A couple years ago, scientists discovered a curious little tree with curious little fruit in the great Down Under they thought might contain the cure for certain types of cancer. It turns out they may have been right. EBC-46, a drug derived from the rainforest blushwood tree, was used to treat eight cancer patients. The results were astonishing, and the Brisbane-based researchers responsible for the new drug hope to propel a commercial version to market in just four years.

Of course, if we continue eradicating rainforests at the current rate, four years might be too little too late. Believe it or not, an enormous percentage of all medicines are derived from plants–and we’ve only studied the medicinal characteristics of less than 10% of the world’s plants. Kind of puts humanity’s idiocy into perspective, doesn’t it? It might be extremely easy to cure cancer or other diseases and ailments, but we’ll never even know.

So far, patients have been treated for melanoma, breast adenocarcinoma, squamous cell carcinoma, and basal cell carcinoma. No one experienced any ill effect from the miracle drug, and most tumors were eradicated within a week of treatment.

Are you that guy who would drag a dog from a burning vehicle, and then go back to help the pair of whining twins in the backseat? Well, you’ll be pleased to know that the results of the new cancer drug appear to work the same regardless of species. A new study will be conducted on at least 120 cancer cases affecting man’s best friend. If the results show promise, it should allow the research team to move into international veterinary markets with the magical EBC-46.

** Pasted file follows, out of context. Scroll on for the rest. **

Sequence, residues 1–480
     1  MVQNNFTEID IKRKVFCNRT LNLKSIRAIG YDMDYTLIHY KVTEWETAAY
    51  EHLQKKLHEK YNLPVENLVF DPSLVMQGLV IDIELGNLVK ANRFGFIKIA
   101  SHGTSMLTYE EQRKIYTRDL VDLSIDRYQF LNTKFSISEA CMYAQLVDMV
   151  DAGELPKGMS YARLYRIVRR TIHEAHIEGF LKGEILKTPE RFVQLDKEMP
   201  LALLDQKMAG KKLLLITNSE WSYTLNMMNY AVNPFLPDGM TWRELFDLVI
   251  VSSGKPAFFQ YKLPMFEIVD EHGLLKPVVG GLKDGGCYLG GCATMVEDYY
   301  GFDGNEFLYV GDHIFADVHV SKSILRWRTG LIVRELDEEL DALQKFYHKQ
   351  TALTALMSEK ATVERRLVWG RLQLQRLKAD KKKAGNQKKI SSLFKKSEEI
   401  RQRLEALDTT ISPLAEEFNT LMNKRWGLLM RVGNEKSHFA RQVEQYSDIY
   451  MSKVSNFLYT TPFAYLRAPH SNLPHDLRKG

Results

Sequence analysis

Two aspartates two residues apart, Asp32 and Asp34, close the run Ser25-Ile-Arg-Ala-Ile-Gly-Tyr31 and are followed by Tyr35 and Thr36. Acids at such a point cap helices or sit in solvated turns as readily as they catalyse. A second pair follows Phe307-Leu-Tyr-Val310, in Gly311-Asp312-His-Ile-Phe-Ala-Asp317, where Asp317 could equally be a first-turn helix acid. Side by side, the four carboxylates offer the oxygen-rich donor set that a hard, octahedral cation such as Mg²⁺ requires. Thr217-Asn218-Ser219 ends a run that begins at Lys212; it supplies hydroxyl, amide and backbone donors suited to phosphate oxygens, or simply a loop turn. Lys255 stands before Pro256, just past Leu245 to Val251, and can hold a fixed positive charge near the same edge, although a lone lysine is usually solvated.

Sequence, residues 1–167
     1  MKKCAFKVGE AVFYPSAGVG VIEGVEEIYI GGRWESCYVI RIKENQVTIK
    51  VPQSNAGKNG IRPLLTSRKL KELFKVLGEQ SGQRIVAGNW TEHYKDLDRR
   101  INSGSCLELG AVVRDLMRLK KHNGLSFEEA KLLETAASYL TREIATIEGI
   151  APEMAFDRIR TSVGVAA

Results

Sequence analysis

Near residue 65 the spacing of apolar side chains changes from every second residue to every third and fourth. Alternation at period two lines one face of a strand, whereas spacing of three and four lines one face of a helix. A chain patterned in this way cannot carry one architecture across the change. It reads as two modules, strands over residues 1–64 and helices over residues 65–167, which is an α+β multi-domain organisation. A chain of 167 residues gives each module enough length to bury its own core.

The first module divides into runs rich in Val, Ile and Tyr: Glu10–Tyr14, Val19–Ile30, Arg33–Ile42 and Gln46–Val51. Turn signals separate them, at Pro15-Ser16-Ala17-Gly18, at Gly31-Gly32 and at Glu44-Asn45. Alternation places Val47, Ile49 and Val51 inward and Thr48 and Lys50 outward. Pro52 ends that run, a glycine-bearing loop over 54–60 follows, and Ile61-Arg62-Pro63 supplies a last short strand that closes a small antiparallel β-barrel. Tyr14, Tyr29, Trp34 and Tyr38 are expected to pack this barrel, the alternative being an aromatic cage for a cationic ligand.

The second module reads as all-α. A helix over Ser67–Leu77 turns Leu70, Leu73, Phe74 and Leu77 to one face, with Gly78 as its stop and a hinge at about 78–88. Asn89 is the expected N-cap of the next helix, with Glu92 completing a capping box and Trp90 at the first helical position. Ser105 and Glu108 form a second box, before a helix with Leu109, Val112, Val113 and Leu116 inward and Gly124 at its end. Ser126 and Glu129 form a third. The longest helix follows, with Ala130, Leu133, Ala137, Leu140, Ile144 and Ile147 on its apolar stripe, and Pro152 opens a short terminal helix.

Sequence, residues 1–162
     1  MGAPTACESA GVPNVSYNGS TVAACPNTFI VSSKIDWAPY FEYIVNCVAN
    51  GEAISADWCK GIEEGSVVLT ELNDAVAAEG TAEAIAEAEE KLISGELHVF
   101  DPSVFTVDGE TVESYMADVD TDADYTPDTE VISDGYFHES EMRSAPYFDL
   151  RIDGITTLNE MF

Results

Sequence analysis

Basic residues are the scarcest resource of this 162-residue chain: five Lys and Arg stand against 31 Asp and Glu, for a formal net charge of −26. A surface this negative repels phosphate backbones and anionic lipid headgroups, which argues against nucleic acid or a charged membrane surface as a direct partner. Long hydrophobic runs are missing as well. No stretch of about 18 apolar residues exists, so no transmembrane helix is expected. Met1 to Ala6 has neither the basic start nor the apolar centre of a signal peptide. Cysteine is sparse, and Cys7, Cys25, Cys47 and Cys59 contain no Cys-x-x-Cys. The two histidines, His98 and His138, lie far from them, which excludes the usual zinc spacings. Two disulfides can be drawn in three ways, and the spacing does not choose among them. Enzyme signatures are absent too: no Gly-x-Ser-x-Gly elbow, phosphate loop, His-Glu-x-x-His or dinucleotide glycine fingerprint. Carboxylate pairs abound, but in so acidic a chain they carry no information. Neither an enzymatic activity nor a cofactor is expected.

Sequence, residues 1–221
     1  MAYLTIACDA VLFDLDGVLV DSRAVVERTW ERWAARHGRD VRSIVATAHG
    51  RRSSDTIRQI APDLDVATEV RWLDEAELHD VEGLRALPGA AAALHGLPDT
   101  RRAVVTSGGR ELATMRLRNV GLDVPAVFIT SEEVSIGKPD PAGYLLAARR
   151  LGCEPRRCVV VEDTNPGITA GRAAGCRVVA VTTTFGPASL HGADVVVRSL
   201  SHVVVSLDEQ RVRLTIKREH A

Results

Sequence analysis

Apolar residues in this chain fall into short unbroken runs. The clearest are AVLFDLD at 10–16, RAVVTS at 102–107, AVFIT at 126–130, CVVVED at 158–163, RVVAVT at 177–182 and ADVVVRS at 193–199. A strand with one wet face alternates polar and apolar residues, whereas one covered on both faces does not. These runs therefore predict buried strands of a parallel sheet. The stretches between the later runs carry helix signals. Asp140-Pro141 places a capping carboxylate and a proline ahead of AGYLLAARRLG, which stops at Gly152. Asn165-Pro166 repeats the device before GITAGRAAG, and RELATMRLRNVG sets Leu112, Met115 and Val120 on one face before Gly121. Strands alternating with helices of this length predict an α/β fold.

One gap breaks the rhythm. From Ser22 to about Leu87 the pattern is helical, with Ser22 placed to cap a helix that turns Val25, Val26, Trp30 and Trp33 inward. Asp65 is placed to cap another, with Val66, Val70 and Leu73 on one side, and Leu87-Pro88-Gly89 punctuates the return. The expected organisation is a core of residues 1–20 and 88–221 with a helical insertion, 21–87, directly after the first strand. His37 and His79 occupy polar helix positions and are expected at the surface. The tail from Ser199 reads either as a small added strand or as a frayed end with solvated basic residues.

When a cancer cure is found, our biggest threat is heart disease. If both ailments are eliminated from most of the human population, our lifespan would increase upwards of a decade. Pretty cool, huh?

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About Author

Jeff is a self-proclaimed pragmatic futurist; that is, he has high hopes for absurd life-altering technologies which sound too good to be true, and probably are. Although he writes on a variety of subjects, his real passion is for technological innovation and the people who make it happen. By day, he enjoys fuzzy bunnies, kittens, puppies, roller coasters and a sardonic written word or two. By night, he's busy running MMR, replaying a random Final Fantasy game, or pretending to be Batman. He currently resides in Upstate NY.